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This is going to be so difficult to write.

Damn tootin'. Because you're not writing it. I am.

Who the hell are you?

I'm you.

No, I'm me. You're you. WHO ARE YOU?

I'm WolfDaddy.

Oh please. You're just a name, an identity, a screen I hide behind while I'm online. You're, at the most, "WolfDaddy".

Riiiiiiiight. Permit me to tell you that you're full of shit. I am a subset of who you are. How can I not be you?

Because you're full of shit. Everything I've ever written in your name are things written as an exercise in the theory that all writers lie. You're an amalgam, a repression, a bit of fancy, and a bit of fantasy, and far from the person that I really am.

I guess that makes it easy for you, but there's no truth in it.

How fascinating. I've never been contradicted by a subset before. Please, continue. But be careful, I control you.

I laugh at you sir, I laugh heartily and long. You control me? What I am, you have made me, but what I've done you cannot take back. You can't undo me. Even if you pull an Asamoth. You can kill me, but you cannot unmake me.

b_o_leary has become bol
and ThePope becomes Professor Pi
which is real, and who can tell
which is real, and who is the lie??

Nice.

That wasn't me.

Well it wasn't me, either.

Sorry, I'm not much of a poet. But I try.

You're a distraction. So, "WolfDaddy" you are nothing more than my own personal Tyler Durden. I let you say things that I'd not choose to say out loud because one doesn't say things like that in polite company.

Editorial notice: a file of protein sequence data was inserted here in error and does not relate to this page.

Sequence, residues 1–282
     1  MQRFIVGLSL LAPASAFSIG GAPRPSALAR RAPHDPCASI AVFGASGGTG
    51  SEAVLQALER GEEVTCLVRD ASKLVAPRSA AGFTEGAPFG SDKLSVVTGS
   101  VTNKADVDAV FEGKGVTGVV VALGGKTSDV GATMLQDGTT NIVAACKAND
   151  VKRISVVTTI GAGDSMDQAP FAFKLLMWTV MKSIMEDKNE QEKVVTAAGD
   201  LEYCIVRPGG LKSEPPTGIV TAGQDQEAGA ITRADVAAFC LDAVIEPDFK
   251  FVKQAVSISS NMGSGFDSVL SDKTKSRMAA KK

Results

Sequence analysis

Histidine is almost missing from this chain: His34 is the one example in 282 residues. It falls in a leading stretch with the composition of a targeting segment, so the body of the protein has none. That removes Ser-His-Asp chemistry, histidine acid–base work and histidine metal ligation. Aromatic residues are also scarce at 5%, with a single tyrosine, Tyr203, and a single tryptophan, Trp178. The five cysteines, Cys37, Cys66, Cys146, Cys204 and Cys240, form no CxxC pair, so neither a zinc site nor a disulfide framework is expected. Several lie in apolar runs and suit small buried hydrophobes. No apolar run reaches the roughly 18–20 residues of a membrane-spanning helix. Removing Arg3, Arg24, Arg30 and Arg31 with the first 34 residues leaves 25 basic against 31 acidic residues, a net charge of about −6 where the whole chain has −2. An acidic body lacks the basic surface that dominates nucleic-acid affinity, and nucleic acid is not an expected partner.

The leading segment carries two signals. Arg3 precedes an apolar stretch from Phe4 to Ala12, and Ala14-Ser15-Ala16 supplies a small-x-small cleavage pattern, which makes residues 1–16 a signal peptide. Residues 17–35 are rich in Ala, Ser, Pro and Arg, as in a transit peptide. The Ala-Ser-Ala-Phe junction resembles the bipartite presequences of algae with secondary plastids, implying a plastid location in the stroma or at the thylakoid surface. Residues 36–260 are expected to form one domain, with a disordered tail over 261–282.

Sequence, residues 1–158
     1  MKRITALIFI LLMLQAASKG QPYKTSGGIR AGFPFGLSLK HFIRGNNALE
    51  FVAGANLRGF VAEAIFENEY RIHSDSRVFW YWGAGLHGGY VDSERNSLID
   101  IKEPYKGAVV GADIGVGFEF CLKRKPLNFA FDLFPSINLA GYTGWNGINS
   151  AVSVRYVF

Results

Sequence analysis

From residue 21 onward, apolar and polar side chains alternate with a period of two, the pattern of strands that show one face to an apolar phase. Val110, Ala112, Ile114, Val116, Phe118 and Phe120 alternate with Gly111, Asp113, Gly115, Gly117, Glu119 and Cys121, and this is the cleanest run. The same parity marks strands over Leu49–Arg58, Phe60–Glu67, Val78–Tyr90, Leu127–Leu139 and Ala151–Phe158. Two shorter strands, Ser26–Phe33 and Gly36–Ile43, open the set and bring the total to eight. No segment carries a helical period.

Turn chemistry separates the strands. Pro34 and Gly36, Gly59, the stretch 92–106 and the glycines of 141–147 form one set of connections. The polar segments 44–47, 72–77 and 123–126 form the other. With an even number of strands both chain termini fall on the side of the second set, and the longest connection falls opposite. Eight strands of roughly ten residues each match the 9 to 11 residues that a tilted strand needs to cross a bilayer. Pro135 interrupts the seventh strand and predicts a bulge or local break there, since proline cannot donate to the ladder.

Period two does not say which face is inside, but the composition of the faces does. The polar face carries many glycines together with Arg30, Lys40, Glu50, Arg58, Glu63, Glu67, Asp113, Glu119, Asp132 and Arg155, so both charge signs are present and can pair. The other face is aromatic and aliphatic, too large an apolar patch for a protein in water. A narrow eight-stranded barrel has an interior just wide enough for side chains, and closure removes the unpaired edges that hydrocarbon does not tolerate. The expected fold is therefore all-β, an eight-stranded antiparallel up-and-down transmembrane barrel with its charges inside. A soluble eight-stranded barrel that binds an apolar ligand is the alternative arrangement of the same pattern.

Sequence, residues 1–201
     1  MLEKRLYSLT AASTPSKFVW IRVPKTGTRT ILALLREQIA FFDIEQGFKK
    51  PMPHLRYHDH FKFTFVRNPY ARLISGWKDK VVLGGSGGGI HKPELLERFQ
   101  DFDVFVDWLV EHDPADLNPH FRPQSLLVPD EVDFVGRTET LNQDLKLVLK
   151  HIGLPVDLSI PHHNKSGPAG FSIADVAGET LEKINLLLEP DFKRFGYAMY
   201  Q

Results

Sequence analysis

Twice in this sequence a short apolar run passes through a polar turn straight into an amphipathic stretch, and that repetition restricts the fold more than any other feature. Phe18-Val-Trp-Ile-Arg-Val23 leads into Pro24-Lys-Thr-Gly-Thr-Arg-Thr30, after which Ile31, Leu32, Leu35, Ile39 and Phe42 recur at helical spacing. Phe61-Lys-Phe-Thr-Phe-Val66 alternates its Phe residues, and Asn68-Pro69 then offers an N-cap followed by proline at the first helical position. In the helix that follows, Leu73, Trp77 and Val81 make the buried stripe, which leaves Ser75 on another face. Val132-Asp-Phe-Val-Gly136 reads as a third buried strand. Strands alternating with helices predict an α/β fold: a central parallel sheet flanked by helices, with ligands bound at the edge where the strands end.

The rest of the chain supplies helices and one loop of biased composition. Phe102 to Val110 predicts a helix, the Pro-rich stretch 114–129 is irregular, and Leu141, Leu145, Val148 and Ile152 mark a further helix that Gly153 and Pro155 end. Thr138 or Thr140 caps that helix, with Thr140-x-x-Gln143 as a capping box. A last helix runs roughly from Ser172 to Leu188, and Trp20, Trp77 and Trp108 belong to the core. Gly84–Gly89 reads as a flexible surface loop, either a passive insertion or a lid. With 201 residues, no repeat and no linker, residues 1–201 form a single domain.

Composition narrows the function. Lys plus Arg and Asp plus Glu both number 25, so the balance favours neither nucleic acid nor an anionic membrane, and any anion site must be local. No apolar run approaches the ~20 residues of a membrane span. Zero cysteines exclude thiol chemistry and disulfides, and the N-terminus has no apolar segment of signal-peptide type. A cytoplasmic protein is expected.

The company you keep is the person you are. A lady's hands proclaim her habits. Maybe you wouldn't need me if you weren't so afraid. And if I'm Tyler, you're no more real than Marla or The Narrator. You're every bit a facet of a fragmented personality as am I. The only true difference between us is the fact that you're made of meat, living in slowtime, whereas I dance in a swirl of electrons. In a way, I'm better than you. I'm more permanent, yet undefined. You are ... who you are. Who I am, is up to them. Not you.

This is all futile. You are nothing more than an abstract. Proof that the Internet promotes more effective communication while at the same time fragmenting us all. You are not what I want you to be, you are not who I'd hoped you to be. You are nothing.

Then kill him.
As surely as b_o_leary and ThePope are deaddeaddeadmurderedmurderedmurdered, you can kill him.

You run around with some fuckin' creepy fragments, you know that? Maybe that's why you don't have the balls to go to a get-together. Maybe that's why when you meet someone that only knows you through your writing they're invariably disappointed. Maybe that's why you need us.

Us? Who's this "us"?

me

And me.

              and                         me

   here!       me       too         and 
me                           ME ME ME
you             never write               with 
me                   in your head    me
too!

*chuckle*

I've killed one of you before, I can do it again.
It will mean nothing to me.

How selfish. How brutal. I'm glad I'm me, and not you. Murderer. And you really think you're the dominant one, eh? You're disgusting. You gave me life, and you released me into this void, and the minute someone learned anything from me, or saved a part of me to their own hard drive, I became untouchable and alive in my own right. I cannot be harmed now ... not even by you.